Recently, I witnessed a U12 goal scored by working the ball in from a corner kick along the end line. Two attackers worked together to advance the ball to goal right along the endline. One of the attackers was standing on the endline if not out of bounds and received a 10 foot pass from the other attacker about 10 feet from the end line. That attacker received the ball and then passed it in front of the net for a third player to finish for a goal. To me it seemed clear that the receiving player on the endline must have been offside since the defending team did not have players on the goal line or in the net, but did have defender marking the near post. Three licensed and paid coaches later said a single defender on the goalpost, let alone 2 defenders, automatically makes the whole field onside. They also suggested that it does not matter if the goalkeeper is moved forward and that it only matters where the last non-keeper defender happens to be. I can not find any information to verify what they have said.

Please help….

USSF answer (April 20, 2011):
Coach, we strongly hope you misunderstood these “licensed and paid” coaches, because if what you remember them saying is accurate, we are all in a lot of trouble and referees working games involving these coaches and any of their players will be in for major problems when they attempt to enforce the Laws of the Game correctly.

For starters, no player can be called offside directly from a corner kick. As we read it, in your situation the critical action occurred after the corner kick had already been taken, when an attacker who was 10 feet upfield from the goal line sent a pass to a teammate who was “standing on the endline if not out of bounds.” At the moment this pass occurred: “the defending team did not have players on the goal line or in the net, but did have defender marking the near post.” Unfortunately, this accounts for only one defender. If that was indeed the only defender between the attacker and the goal line, then clearly the attacker was in an offside position and made contact with the ball when he “received a 10 foot pass,” then there was an offside infringement.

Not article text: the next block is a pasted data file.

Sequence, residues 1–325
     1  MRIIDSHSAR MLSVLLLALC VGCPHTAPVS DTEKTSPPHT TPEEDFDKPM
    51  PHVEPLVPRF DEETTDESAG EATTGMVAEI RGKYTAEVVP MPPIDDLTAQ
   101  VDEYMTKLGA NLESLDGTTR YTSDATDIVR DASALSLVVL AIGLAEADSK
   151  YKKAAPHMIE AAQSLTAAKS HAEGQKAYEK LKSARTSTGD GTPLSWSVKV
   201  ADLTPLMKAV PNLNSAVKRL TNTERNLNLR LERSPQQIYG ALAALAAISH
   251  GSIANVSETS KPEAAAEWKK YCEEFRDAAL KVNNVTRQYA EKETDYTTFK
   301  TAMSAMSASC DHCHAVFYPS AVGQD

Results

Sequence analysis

However, your situation omits the goalkeeper. Where was the goalkeeper in all of this? Certainly, if the goalkeeper was well upfield from this “defender marking the near post,” then the offside call would have been correct. If you and the “licensed and paid” coaches are simply ignoring the goalkeeper and the ‘keeper was in fact on the goal line, then the attacker was NOT in an offside position and could not be called offside.

Warning to all coaches, players, and referees: Very few coaches, no matter how many certificates they may have earned, are as well aware of the Laws of the Game as they believe themselves to be. (Unfortunately, we must admit that this sometimes applies to referees as well.)